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I ran across yet another interesting article worth passing along. I think Craig does a good job of helping parents understand exactly what "sexting" is and also the dangers that it poses to teens; however, the most important part of the article, in my opinion, is the five talking points listed to have with your teen. I've been reading on teen development lately (especially ages 11-15), and communication with your teen is extemely important--especially with these difficult, yet significant topics. If your teen has a cell phone, then this article is a must-read, not necessarily because they may be sexting, but also because if they are recieving messages, they could get in serious trouble--physically, emotionally, and spiritually.
Recently, an article was shared with me regarding youth invovlement in church. I thought this was an interesting and thought-provoking article that's worth reading. I also thought this was a good follow-up to the discussion I led in the Parents of Teens Class the last Sunday in March.
Follow the link below for the article. I would love to hear your thoughts.
Praying for all of you parents as you navigate the challenges of raising teens,
Recently at SWAT, we talked a little bit about spiritual gifts and the importance of finding your place to serve in a community of believers. I just wanted to give you, as parents, a couple resources I have come across and have found helpful. Maybe your students will approach you about wanting to find out their spiritual gifts. Maybe you will want to approach your student regarding spiritual gifts. I think a good thing to follow up with is to have your student(s) take a spiritual gifts inventory and discuss it with you, or you and your spouse.
Here are a couple ideas to get you started:
I read this book out of motivation to find a way to connect with the kids at SWAT as well as a way to better connect with my own kids. Lets face it, we all sometimes are a little “Outta My Face-ish” But one thing I have learned from my kids as well as from the SWAT kids is that they all want to be loved and they all want to be accepted. I have had a desire to figure out how to let the kids know that they are loved and accepted for who they are and where they are in life (even if they are at a point in life where they are a little difficult or doing things we don't necessarily agree with).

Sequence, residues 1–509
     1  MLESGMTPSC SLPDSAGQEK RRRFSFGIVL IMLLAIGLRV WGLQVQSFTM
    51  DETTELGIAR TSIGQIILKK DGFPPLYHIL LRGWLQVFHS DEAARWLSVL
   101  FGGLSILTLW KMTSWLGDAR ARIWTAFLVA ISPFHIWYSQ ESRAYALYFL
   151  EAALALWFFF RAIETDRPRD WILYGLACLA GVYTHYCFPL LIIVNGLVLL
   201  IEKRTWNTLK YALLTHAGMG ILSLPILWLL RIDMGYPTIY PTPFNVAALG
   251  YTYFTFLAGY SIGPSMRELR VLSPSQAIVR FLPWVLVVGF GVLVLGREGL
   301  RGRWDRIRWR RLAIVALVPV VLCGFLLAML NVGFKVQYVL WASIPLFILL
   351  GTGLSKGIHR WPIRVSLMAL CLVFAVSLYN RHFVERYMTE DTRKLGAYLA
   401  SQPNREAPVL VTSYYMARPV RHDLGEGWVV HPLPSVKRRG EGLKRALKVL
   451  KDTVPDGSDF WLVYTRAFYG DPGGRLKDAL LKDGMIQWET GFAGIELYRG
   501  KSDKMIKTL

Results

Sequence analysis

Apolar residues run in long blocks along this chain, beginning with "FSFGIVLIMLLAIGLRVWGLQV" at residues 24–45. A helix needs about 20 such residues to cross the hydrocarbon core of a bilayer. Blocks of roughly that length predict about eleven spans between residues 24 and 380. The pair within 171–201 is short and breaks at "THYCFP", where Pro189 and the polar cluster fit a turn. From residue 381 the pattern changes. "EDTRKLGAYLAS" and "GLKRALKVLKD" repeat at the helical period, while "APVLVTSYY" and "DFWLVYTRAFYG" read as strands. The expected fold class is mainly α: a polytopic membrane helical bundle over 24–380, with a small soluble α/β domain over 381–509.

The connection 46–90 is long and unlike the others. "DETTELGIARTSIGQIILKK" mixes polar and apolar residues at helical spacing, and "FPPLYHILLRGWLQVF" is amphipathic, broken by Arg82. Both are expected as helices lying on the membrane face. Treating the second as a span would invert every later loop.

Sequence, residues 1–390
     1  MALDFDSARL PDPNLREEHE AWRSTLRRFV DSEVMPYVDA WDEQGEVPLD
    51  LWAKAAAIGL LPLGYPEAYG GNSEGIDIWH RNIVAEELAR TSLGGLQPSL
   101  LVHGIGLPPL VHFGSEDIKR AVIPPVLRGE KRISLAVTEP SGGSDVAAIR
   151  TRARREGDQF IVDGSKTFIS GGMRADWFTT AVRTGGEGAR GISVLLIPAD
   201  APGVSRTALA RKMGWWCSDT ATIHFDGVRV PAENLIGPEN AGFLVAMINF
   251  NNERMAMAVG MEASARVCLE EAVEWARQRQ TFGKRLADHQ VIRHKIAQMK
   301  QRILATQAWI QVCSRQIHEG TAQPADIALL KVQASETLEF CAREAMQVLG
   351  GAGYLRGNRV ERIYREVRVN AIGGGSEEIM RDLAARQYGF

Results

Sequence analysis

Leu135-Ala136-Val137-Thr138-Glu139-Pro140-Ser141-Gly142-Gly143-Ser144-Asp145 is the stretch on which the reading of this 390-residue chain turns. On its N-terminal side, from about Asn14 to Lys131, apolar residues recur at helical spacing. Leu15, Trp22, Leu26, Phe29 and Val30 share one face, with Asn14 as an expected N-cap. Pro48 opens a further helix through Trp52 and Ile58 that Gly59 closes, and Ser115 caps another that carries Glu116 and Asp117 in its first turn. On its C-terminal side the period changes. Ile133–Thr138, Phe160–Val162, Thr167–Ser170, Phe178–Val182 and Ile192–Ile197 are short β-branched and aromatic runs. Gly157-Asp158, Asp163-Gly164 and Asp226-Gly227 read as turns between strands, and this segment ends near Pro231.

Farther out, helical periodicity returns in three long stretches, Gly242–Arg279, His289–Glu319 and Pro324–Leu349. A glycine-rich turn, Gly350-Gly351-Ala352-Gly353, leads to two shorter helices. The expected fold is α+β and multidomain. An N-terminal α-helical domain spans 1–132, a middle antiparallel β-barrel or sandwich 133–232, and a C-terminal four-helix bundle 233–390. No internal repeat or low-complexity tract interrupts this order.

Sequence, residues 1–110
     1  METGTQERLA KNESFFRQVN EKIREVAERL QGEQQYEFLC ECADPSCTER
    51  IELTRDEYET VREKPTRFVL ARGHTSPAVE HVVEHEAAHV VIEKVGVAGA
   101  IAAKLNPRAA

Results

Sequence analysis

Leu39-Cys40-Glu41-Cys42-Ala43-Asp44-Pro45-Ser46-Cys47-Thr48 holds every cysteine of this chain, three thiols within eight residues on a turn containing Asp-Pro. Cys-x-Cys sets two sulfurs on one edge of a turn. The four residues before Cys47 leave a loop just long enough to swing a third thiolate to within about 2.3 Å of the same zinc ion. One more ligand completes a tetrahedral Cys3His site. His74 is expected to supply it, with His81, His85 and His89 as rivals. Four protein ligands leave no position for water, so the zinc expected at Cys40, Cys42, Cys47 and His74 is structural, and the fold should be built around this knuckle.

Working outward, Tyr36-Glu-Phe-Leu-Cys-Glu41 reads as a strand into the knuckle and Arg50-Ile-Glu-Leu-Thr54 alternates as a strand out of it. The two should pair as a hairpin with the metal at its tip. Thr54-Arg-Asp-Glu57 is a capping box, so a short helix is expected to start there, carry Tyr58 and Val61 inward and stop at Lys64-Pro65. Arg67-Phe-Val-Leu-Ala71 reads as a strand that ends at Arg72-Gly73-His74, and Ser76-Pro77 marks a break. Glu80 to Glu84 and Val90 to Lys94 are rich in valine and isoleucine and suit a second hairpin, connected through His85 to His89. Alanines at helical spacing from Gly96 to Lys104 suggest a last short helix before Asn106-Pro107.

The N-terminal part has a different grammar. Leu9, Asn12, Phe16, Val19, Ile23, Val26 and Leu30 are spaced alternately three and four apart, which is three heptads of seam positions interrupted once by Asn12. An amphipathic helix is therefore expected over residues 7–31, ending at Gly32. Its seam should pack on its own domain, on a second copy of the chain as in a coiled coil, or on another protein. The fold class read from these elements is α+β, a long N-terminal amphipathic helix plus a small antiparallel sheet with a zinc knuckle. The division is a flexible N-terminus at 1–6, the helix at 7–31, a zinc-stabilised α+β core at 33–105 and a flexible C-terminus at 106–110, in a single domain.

“Outta My Face” gives really good counsel on how to communicate more effectively with our teens. It also has what they call “Eight Biblical Lenses” for seeing our teens from a Biblical point of view. It also has really good information on how we are to keep our own attitude in check as well as our roles as parents. Specifically it talks about how our own attitude and reaction affects the whole conversation/interaction.
The thing I liked most about the book is that it gives you tools to use without manipulating the teens. It is a book with ideas for communication that we can use in many different situations.
After writing this little bit about this book I was talking to Brian (my husband) and he said what prompted him to get this book was a commentary he read from Tim Challies. I have included it below because I felt it is really good information about this book. I encourage each of you to read this book. You do not need a teen who has an “Outta My Face” attitude to learn from the writings of Rick Thorne.
SWAT Leader and Parent
The family of a budding computer programmer have on Saturday launched a campaign to raise awareness about the health risks of playing online computer games after their son died following a marathon session on his Xbox.
A post-mortem revealed that 20-year-old Chris Staniforth -- who was offered a place to study Game Design at Leicester University -- was killed by a pulmonary embolism, which can occur if someone sits in the same position for several hours.